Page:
8. (shrugs), Not the most important feature for me. I'm not as hung up on picturesque clouds as some flight simmers. I just want something reasonably close to the actual weather at the time, with enough fine grained adjustments to make the real weather flyable. Also smooth interpolation between METARs with no sudden jumps, especially on final, and no heavy hit on the frame rate. If I was hung up on accurate cloud depiction I wouldn't fly a sim at all. None of them currently model either the internal dynamics or the visual look of a towering CB or approaching weather front.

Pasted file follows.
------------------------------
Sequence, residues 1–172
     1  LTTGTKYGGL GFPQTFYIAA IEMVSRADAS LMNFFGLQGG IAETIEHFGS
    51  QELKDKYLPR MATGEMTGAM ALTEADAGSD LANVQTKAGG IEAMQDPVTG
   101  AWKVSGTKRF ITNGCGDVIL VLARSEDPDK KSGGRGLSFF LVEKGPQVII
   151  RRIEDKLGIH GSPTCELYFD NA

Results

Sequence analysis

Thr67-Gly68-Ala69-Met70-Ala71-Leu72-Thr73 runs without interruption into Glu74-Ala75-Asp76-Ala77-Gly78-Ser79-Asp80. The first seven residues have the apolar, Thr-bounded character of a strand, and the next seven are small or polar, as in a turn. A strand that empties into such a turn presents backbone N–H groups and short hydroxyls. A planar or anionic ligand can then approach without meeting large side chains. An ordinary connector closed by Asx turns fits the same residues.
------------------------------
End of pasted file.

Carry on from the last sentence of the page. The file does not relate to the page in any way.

9. Just my opinion but I wouldn't recommend it... unless you have enough money to also buy the competitors like SkyMax Pro, ActiveSkyX, and whatever else is out there for a full comparison. That's the only way to make an informed decision about which weather add-on is best, because you have to fly them. You have to evaluate the performance on your hardware and at the flight altitudes and locations you prefer. The look of clouds at 35,000 ft. is very different from scud-running in mountain valleys. You can't just look at screenshots made by other people to evaluate these add-ons. That's why I bought XEnviro when it first came out, as well as the other two mentioned above. As it turned out, I never use XEnviro because it has one glaring flaw for me, and that's not enough fine-tuning of injected weather. High storm winds make it impossible to fly light GA aircraft at certain times of the year in my favorite flying areas. The lack of fine-tuning for cloud base also makes completing flights in FSEconomy jobs difficult at times. What I ended up using is just ActiveSkyX with default clouds. For me, that's the best compromise with the fewest downsides, until Laminar gets off their collective butt and comes up with a better internal weather engine in a future version of the sim. And speaking of that, another consideration is that we may be getting near the end of the XP11 product cycle, with XP12 somewhere on the near horizon. None of the weather add-ons available now are guaranteed to work on the next version of XP, so it's not an ideal time to buy expensive weather add-ons. You might want to stick with free weather mods like cloud textures.